How to Survive Stock Market Volatility
Many investors I know have been watching the stock market volatility over the past few months with a sense of anxiety and dismay. During the fourth quarter of 2018, it became clear that the stock market was going to take a breather from its unprecedented bull run over the past nine years.
Technically speaking, a stock market correction is when stocks drops by 10% or more from a recent high. By contrast, a bear market is when stocks drop by 20% or more from the peak.
On Christmas Eve 2018, the S&P 500 Index hit a bear market when it crashed down to 2,351 after reaching 2,940 in late September. Now it didn’t stay in a bear market for very long as stocks bounced higher in the following weeks and continued to rise through early 2019.
The fact is, many stocks have already declined by more than 20% by the time October 2018 came around. December 2018 was particularly painful as fear and panic forced investors to question the sustainability of the bull market.
Issues Concerning Investors
The increased volatility and decline we witnessed in late 2018 was due to a number of factors. By almost any measure, the economy was expanding at a healthy pace throughout 2018.
Instead of looking in the rear view mirror, the stock market is forward looking so it is more concerned about what’s to come in the future.
The Federal Reserve raised interest rates a total of four times in 2018 and it may continue to raise interest rates in 2019.
What does all this mean? Higher interest rates make borrowing more expensive. This will include credit cards loans, home equity loans, etc.
Nobody knows what the central bank will do. However, if the economy shows signs of slowing, raising interest rates will cause it to slow down further.
The Inverted Yield Curve
Investors are concerned about an inverted yield curve. This occurs when short-term yields are higher than long-term yields for the same type of bonds.
Having an inverted yield curve has been one predictor of recessions in the past. We are not there yet, but the yield curve today is relatively flat. This may be a result of long-term interest rates falling more than short-term interest rates or short-term rates increasing more than long-term rates.
Pressures on the Stock Market
Trade tension with countries around the world, specifically China, has worried companies big and small. Imposing a higher tariff on goods by trade partners will undoubtedly hurt economies around the world.
The Tax Cuts and Jobs Act of 2017 provided a boost to corporate profits, but the excitement did not last for a very long time. Many publicly-traded companies used the tax savings to buy back more stock. So far, the economic expansion that we were hoping for due to the tax reform bill has not panned out.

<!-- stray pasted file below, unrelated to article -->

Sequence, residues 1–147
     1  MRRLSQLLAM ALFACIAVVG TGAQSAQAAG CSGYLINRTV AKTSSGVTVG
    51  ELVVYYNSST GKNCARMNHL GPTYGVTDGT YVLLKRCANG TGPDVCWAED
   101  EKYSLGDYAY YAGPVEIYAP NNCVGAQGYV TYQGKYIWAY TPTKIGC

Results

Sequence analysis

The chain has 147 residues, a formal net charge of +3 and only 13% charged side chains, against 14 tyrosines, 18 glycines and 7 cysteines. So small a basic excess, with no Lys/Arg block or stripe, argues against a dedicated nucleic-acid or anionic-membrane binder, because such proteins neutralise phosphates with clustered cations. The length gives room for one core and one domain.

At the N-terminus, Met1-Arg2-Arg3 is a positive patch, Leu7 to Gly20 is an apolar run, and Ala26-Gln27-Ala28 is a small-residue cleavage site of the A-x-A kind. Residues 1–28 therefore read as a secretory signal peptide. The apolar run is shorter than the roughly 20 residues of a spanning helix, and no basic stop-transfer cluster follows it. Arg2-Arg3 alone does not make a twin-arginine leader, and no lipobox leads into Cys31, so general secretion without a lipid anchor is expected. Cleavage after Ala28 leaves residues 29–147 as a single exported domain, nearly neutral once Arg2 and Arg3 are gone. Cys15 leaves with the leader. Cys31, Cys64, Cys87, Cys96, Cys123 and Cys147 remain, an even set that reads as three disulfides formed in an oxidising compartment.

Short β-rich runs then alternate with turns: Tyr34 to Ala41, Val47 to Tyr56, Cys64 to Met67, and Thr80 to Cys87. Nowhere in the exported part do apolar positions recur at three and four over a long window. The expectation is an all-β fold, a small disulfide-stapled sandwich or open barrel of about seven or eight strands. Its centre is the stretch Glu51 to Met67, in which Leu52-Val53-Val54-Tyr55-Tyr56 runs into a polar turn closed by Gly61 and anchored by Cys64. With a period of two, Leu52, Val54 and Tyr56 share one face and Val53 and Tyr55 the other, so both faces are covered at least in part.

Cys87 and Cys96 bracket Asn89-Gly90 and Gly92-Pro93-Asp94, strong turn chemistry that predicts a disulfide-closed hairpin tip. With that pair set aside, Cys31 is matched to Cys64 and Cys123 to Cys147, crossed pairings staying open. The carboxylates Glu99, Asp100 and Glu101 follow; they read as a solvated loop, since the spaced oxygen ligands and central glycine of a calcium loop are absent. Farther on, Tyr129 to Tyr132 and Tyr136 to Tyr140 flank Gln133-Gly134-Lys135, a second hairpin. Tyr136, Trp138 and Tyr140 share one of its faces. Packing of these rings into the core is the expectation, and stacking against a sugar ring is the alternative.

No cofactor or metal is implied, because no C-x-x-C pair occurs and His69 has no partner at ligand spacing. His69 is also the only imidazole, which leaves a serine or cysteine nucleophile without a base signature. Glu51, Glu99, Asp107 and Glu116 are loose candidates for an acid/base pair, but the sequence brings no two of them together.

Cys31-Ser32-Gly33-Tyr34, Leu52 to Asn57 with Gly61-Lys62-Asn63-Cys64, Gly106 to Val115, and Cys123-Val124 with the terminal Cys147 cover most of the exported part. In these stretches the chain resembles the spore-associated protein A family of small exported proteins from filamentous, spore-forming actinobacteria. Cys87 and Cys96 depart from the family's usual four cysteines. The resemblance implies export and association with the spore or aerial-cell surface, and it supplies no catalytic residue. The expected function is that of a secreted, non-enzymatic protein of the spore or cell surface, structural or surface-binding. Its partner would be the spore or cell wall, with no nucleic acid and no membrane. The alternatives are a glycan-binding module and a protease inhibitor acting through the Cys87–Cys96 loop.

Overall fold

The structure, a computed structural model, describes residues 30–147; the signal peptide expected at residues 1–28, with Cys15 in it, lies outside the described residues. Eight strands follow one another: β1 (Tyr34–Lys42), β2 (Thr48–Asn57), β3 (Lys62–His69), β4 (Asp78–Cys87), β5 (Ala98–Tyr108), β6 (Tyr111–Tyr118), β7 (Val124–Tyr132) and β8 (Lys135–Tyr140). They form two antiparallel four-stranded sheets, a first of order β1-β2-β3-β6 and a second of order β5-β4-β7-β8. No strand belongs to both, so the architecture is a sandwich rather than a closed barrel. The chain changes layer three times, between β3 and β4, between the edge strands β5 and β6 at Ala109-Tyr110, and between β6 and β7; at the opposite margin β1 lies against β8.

Another key driver of pressure on the stock market is corporate earnings. Lowering 2019 profit guidance by some large multinational corporations was a main contributor to the stock market decline in late 2018. Chances are that corporate profits will increase more slowly going forward.
What Should Investors do?
In times of uncertainty, the worst thing an investor can do is panic and act like the world is ending. I know the 24/7 news cycle can get overwhelming and make you nervous, but you need to understand the basics of investing and stick to your long term goals.
Market declines are inevitable. Don’t worry about things that are out of your control.
Given that the market has been on an upward trajectory since 2009, it should come to no surprised that it’s needs to take a breather. It may be time to rebalance your portfolio and increase your holdings in value oriented and dividend paying stocks.
The bull market has stretched the valuation of some fast growing companies. During times of volatility, there is usually a “flight to quality” — which is an event that occurs when investors sell what they deem as high risk investments and purchase safer ones. When that occurs, it may push risky stocks lower.
In time of economic uncertainty, I would reevaluate big ticket purchases. For example, if you are planning to spend money on a new car or to remodel your kitchen, be sure that you won’t need to sell your investments to pay for those expenditures.
Stay Calm and Focused
For people who are still working or continue to generate income, stock market declines presents the best opportunity to supercharge your retirement savings. Continue to dollar cost average into your index funds or exchange traded funds.
Many studies have shown that if you sell all your stocks and stay on the sidelines when the market eventually rallies, you can drastically underperform when compared to the returns of the S&P 500 Index.
I still remember one advice I got when I started out investing in stocks – accumulating wealth is not about timing the market, but time in the market.
The fact is you never know what the bottom of a stock market correction is until it’s over. Think of market fluctuations as a test for your resolve and your persistence.
Your only concern should be how you can take advantage of the market decline and stop trying to time the market based on the advice of all the so-called experts. If you stay on course and not panic, then you can survive any type of stock market volatility!